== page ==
The issue with non studded fat bike tyres is that the low contact pressure makes them a bit of a nightmare on ice.

My old Raleigh mtb with non studded 2.2 tyres will go through most things my Pug would and it is better on ice, my Extrabike with 26 by 2.0 studs will crawl through a foot of fresh snow.
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Old 10-26-14, 03:24 PM
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Originally Posted by fietsbob
https://www.biketiresdirect.com/prod...zfmaaoay8p8haq

I bought a bunch in 1990, Shipped from Finland, built up a Drum brake** wheelset with All Weather Sports, Fairbanks AK , snow cat rims . 45mm wide singlewall.

and put them on an old MTB .. I pull it out on the occasional weeks It has ice on the roads , and they are still working fine ..

Just enough studs for the ice and Bare pavement mix we get where I live ..


** drum brakes seem ideal, on Ice. not as Grabby as the discs I have on the bike I use when the water on the streets is thawed.
and no frame fittings required,like discs either .

for super low PSI AWS suggested Using sew-up Glue and sticking 1 tire bead to the rim so it wont creep around the rim and shear the stem out of the tube.




a wide tire may be OK for new snow, but narrow tires get down to solid ground ..

The WRC rally race cars put narrow studded tires on for their Swedish snow races ..
OK a bit more HP than you on your Bike.
Yep, I was in Fairbanks when they were still welding rims together side-by-side to create fat rims.
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Old 10-26-14, 10:12 PM
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Originally Posted by Sixty Fiver
The issue with non studded fat bike tyres is that the low contact pressure makes them a bit of a nightmare on ice.

My old Raleigh mtb with non studded 2.2 tyres will go through most things my Pug would and it is better on ice, my Extrabike with 26 by 2.0 studs will crawl through a foot of fresh snow.
No disrespect intended. On the non-studded fat tires, I agree with you. With studs, as I am just back from testing , ice is no problem. We are still pretty dry up here. I will give a full ride report when we get some more.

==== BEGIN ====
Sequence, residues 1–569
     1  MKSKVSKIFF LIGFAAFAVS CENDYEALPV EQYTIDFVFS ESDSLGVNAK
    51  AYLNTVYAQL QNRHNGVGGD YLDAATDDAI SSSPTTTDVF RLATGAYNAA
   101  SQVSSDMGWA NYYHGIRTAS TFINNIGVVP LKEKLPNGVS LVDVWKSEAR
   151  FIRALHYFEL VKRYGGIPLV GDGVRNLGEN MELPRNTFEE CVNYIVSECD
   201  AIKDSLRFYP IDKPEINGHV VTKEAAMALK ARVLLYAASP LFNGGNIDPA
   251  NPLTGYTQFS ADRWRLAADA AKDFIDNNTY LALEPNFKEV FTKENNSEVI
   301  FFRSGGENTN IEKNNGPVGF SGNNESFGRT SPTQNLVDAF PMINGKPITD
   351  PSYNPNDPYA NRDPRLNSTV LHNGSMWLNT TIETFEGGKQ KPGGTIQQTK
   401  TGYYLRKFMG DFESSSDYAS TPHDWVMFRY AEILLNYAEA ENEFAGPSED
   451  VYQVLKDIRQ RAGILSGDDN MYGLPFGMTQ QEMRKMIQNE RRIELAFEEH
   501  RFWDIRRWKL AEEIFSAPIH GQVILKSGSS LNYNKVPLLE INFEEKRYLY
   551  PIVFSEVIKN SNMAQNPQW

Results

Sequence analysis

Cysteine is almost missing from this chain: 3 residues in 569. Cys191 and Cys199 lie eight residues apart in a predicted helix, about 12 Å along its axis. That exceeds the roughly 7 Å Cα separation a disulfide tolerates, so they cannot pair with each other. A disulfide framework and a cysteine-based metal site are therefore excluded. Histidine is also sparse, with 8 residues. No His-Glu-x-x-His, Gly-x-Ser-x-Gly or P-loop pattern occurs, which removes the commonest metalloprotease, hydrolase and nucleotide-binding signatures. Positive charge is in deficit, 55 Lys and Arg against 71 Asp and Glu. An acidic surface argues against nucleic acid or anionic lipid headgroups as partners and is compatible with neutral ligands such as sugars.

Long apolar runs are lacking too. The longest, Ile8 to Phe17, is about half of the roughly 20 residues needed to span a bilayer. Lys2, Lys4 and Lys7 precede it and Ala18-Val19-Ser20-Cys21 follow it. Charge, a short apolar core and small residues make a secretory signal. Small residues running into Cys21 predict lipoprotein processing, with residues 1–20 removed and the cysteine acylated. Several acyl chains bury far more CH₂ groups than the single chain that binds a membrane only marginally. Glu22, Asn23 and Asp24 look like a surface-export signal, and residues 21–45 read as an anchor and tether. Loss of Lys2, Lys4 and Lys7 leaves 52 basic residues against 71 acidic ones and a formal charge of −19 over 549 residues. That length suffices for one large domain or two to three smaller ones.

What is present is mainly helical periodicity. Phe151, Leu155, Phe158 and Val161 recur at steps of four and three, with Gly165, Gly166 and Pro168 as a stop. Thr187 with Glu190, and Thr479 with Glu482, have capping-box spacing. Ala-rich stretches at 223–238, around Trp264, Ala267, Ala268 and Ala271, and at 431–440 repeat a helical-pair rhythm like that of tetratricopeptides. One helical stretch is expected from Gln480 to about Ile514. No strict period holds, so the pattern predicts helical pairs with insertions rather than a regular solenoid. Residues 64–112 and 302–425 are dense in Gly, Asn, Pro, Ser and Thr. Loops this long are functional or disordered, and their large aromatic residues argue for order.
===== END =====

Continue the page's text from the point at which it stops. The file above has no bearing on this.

As for powering through to the ice with skinnier tires, I have mostly had a different experience. This seems to work best for me when there is fresh cold snow with low moisture content, barely in shallower (guessing up to 8") wet, or loosely consolidated snow, and not very good at all in deeper snow, or in the brown sugar or roadside chunder I'm often biking through. It doesn't work well enough for me to consistently want to ride my 8 mile daily one-way commute. I've done it quite a bit, and it can be complete misery. Now that I think about it, bad enough for me to hop out on roads no-one should be biking on at 6:00 am in Anchorage -- something our fair populace will make quite clear with their horns, high beams, and close passes.

If I am staying on the roads, which I can't always do up here, I prefer to run a 700X38 or 40 studded tire, or the 26X1.95 studded tires on my old Kona mt. bike that got me through grad school. I don't have too much nasty stuff to deal with if I can stay on the road and the weather and roads are relatively clear.

More realistically, I am mixing roads, unplowed MUPs which are often used as a place for the blades to spill snow, if not outright snow dumps, and ski trails. This is really where the fat bike makes the difference in my opinion. Lower ground bearing pressure lets one float on top and avoid blowing all their energy trying to drive through this stuff. The ski trail folks also get pretty mad if I cut up "their" trails with my bike. It is dangerous for them as they can catch a tip and eat do-do. With the studded 4" tire, it really is sort of the best of both worlds, but not perfect for every situation by any means (I don't care to ride the fat bike anywhere where I don't really need it... like a road).

Like I wrote. No disrespect intended. Just my experiences from Fairbanks and Anchorage.
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Old 10-29-14, 02:00 PM
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I find this blog: Studded Bicycle Tires to be very informative. FWIW, I bought my Nokian W106 tires from them, and have been happy with their service and price.
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Old 11-09-14, 05:24 PM
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Originally Posted by bikemig


Next up are studded tires.

My winter commuter runs 26 inch tires. Here are my questions:

(1) I read Peter White's website. Any other good reads on studded tires I should look at?
My winter bike here in DC is a Surly LHT. I've used Nokian Mount and Grounds the past five years and they are the bomb. Peter White's site/and verbal discussion with him is where I decided which studded tires to get. Read through the Nokian right-ups and you'll end up with the correct ones for your area/conditions.